Christmas Break

With a box full of engine parts we drove home to Shaver Lake with a quick stop in Fresno to drop off the high pressure pump, the injectors, and the fuel lines to be serviced and pressure tested. Luckily Fresno is a major agricultural hub so finding a spot to service our ol’ tractor engine wasn’t super difficult but we chose Becs Pacific Limited who specialize in rebuilding pumps and injectors. With the engine out of sight and out of mind we could return home and focus on friends, family and epic skiing and snowboarding at China Peak Mountain Resort. Of course if you follow us on Instagram and YouTube, you already know that just because we were away from Avocet didn’t mean we were totally boatless – in fact we drove from Shaver Lake to LA and back in one day just to retrieve a Laser International 14 to gift to our nephews for Christmas. We can’t wait for the snow to melt so we can sail with them all summer!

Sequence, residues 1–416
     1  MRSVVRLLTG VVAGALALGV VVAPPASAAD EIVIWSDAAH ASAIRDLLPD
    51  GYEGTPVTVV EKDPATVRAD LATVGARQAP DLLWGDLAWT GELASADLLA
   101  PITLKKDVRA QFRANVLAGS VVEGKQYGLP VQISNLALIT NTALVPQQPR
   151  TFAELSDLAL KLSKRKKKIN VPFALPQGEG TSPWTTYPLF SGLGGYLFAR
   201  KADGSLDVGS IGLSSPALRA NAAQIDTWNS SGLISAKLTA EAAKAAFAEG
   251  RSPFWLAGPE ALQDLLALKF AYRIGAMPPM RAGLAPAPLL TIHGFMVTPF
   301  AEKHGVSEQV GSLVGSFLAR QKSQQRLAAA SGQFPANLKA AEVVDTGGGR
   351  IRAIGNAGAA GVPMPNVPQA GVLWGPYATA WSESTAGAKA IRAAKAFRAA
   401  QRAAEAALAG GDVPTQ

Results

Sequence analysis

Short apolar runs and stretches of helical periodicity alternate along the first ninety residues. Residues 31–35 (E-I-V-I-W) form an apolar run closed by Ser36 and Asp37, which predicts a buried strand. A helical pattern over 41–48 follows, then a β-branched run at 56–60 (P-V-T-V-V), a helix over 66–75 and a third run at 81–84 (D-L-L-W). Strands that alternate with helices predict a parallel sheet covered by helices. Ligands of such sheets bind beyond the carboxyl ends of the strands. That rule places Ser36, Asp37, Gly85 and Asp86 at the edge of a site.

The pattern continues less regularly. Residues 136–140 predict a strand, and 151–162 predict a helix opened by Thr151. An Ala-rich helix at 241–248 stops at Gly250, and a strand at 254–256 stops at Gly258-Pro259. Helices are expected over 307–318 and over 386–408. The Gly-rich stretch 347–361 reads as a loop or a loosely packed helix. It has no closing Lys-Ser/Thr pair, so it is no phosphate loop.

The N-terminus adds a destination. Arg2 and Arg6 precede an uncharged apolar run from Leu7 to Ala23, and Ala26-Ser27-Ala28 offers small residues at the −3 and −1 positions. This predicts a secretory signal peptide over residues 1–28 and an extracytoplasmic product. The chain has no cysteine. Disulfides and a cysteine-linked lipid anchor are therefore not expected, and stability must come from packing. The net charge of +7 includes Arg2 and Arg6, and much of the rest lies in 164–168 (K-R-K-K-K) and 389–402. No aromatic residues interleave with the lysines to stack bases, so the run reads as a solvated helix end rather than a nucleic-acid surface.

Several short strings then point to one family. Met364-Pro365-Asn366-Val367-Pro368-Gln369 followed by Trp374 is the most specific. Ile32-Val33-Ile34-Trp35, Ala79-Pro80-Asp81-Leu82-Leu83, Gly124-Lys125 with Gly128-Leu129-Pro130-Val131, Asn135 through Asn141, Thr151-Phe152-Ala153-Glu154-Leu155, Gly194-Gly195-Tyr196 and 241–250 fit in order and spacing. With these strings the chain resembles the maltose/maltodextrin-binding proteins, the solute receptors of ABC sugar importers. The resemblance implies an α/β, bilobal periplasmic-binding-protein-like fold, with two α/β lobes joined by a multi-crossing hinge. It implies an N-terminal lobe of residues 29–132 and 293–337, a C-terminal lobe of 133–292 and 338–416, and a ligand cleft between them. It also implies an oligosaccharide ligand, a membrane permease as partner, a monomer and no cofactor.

I am doing my absolute best to catch up to modern day, but bare with me as I learn how to balance cruising, work and personal writing like this. We are currently cruising mainland Mexico, preparing to head north into the Sea. Sending our love and fair winds to you all, 

Marissa, Chris and Cleo 

(Posting from Puerto Vallarta, MX)